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May 20, 2010

ULM professor offers old style, new music with grant funding for CD

From its inception in 2006, Duo Chanot has performed to acclaim throughout the United States. Christopher Thompson, violinist, and Michael Gurt, pianist, are both established performing artists who bring consummate technique and seasoned musical interpretive skills to their collaborative effort.

A University of Dayton reviewer once wrote of the duo, “Thompson and Gurt achieve such a profound level of communication that each phrase seems to emanate from a single artistic impulse.”

As Louisiana professors (Thompson teaches violin at the University of Louisiana at Monroe and Gurt heads the piano department at Louisiana State University), they qualified for the UL System’s Awards To Louisiana Artists and Scholars (or ATLAS) grant. All professors can apply annually, and Thompson made sure to file the ATLAS grant by the September 2009 deadline.

The grant request covered various expenses, including travel for Thompson and Gurt to record at the studios of Chicago’s “Classical Experience” radio station, 98.7-WFMT. Thompson knew that the request would be a hard sell with the statewide budget cuts, but he described himself as “cautiously optimistic.”

Months went by and in May 2010, with the application all but forgotten, Thompson was overjoyed when the UL System’s Board of Regents named his request sixth place out of 25 applications. The board gave his project full funding, totaling $22,000, with good reason: the duo’s CD will not be an ordinary “classical” recording.

The panelists reviewing Thompson’s application stated that Thompson and Gurt were “clearly prepared for the project,” and that, based upon the quality of the demo discs submitted with the application, the anticipated recording promised to be of “excellent quality.”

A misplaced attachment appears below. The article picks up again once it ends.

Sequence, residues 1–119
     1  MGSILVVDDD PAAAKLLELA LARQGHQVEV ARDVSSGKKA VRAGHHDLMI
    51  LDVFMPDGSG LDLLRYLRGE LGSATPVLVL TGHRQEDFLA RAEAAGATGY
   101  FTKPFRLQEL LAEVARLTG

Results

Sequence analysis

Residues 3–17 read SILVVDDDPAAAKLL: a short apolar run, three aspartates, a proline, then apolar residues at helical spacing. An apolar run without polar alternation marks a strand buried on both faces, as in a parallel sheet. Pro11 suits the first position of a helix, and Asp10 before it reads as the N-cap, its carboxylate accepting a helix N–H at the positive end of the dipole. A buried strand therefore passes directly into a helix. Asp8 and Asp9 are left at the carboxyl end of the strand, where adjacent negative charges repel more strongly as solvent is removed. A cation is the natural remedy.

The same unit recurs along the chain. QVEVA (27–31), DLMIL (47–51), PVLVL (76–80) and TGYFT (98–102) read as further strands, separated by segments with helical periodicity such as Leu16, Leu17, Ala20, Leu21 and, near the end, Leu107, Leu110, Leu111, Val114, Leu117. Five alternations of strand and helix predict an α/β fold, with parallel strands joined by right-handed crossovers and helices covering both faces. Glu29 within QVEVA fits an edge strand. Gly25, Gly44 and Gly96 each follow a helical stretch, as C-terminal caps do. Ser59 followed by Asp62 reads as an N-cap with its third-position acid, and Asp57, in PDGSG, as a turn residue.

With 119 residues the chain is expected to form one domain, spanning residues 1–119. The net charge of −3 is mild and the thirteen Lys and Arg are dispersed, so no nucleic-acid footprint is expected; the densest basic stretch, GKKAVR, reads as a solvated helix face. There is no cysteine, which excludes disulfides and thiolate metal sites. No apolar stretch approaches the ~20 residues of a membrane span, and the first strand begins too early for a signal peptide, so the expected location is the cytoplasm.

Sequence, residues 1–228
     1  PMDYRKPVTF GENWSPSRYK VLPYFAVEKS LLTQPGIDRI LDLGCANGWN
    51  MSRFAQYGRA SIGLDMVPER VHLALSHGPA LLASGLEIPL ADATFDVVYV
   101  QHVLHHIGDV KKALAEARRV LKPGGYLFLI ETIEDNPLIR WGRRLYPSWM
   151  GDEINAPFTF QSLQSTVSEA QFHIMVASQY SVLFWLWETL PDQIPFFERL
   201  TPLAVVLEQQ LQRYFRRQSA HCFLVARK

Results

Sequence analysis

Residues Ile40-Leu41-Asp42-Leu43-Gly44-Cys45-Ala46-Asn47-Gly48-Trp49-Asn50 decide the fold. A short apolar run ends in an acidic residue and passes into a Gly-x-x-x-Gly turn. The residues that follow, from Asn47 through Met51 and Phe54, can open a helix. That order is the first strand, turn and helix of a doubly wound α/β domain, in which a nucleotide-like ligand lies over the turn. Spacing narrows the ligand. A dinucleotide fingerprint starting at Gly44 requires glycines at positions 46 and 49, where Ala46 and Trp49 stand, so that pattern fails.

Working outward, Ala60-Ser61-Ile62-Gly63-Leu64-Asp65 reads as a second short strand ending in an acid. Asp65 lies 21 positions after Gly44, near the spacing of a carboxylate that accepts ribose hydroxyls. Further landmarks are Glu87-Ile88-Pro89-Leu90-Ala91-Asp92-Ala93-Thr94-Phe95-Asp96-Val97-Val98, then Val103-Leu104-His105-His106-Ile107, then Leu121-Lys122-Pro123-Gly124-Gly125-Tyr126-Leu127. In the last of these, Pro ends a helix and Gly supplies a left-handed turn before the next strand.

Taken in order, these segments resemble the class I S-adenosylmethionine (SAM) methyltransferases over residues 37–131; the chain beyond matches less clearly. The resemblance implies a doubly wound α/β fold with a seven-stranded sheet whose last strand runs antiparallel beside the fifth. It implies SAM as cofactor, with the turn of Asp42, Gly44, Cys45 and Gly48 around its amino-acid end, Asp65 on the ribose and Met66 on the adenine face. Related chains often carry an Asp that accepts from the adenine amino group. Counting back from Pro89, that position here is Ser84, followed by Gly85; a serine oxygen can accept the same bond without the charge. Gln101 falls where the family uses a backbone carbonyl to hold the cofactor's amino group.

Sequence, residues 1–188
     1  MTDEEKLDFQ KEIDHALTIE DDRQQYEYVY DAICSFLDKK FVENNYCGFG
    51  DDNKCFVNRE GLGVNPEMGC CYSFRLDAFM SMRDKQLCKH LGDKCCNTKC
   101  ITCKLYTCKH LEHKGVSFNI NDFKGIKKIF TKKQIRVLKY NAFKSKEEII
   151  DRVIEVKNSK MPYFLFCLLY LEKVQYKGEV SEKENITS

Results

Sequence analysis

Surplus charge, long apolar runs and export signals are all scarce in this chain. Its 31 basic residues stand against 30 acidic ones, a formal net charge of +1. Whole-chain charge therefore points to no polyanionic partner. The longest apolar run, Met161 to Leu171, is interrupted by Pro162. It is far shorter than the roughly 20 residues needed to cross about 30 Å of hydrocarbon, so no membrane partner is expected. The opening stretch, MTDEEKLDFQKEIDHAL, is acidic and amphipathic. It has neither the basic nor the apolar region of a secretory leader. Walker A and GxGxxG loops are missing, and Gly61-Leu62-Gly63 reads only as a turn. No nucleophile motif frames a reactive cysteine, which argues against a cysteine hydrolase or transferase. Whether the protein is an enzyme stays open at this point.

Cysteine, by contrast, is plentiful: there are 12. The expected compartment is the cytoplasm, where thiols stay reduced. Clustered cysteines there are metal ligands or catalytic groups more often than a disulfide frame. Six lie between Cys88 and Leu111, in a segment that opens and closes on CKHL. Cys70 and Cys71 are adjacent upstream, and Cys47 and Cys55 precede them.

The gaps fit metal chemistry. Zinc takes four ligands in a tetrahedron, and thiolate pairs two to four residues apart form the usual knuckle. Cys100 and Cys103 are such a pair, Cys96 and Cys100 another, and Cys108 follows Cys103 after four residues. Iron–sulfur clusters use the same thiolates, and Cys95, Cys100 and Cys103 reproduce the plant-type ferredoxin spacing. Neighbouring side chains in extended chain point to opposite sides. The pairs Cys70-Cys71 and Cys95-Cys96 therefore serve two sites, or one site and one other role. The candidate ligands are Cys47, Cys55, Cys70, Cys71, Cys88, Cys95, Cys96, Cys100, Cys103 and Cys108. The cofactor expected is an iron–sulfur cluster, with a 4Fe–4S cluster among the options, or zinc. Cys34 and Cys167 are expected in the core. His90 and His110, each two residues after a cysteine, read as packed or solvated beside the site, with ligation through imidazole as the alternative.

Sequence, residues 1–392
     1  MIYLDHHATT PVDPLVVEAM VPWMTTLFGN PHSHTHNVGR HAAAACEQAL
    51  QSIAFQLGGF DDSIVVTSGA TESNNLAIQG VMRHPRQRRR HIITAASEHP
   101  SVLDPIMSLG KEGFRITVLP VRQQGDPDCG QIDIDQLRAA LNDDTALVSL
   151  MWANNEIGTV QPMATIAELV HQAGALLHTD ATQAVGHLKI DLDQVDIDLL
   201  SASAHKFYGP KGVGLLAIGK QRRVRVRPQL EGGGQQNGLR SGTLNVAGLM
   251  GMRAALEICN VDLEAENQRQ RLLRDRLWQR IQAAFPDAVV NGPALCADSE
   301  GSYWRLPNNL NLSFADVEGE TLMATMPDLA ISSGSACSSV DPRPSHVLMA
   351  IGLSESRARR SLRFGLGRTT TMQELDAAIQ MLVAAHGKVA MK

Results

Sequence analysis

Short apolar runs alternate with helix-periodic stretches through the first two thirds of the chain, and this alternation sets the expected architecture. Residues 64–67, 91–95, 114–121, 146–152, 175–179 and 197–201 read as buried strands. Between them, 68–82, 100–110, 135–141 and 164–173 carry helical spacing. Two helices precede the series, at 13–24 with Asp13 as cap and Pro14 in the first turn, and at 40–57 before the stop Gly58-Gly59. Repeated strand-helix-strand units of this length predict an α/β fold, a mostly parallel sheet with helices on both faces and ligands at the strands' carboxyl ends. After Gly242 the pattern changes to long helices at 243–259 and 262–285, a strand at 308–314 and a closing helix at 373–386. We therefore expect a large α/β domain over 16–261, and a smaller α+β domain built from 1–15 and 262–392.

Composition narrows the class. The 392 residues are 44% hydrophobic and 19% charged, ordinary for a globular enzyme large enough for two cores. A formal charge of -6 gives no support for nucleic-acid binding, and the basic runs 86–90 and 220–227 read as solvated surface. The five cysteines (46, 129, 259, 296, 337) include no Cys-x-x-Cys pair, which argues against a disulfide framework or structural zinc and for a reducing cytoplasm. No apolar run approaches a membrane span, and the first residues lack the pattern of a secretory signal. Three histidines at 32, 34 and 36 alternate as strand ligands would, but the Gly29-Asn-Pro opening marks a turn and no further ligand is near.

Most works recorded in the “classical music” field consist of new performances of old compositions. This CD will feature three works, commissioned by Thompson exclusively for the duo, which will be recorded for the first time.

Thompson feels that his request to record new compositions in the “classical” style is what gave his application an edge with the board.

“Their attention fell on the new recordings and these reconstructed pieces, which were all written specifically for me,” he said. “I definitely think that’s what got me in the top 10 applicants.”

Among these new works is “Divinities at Dawn” by Eric Ewazen. The Juilliard-trained Ewazen has a history with ULM. He composed “Divinities at Dawn” for Thompson during his tenure as ULM’s composer-in-residence and Thompson and Gurt performed the piece’s 2006 world-premiere in Monroe.

The duo will also record “Creole Eyes” and “Souvenir d’Porto Rico,” two works by famed New Orleans composer Louis Gottschalk that have been reconstructed specifically for Thompson and Gurt by Dinos Constandinides. Gottschalk is considered one of 19th century Louisiana’s most important composers, having been raised in New Orleans and then sent for training at the Paris Conservatory. Gottschalk then established himself as an internationally acclaimed concert pianist and composer.

Centaur Records, an internationally recognized classical music recording label, will produce and market the CD. The Baton Rouge-based company is among the oldest and largest independent labels in the U.S.

Recording their CD is a great achievement for the duo, and certainly a highlight of their distinguished careers. Still, Thompson and Gurt show no signs of resting on their laurels.

“We’re going to continue to perform as a duo in concerts around the country,” Thompson said. “The CD is going to help us book larger venues and showcase Louisiana as a diverse center of musical culture to offer the international arts community.”

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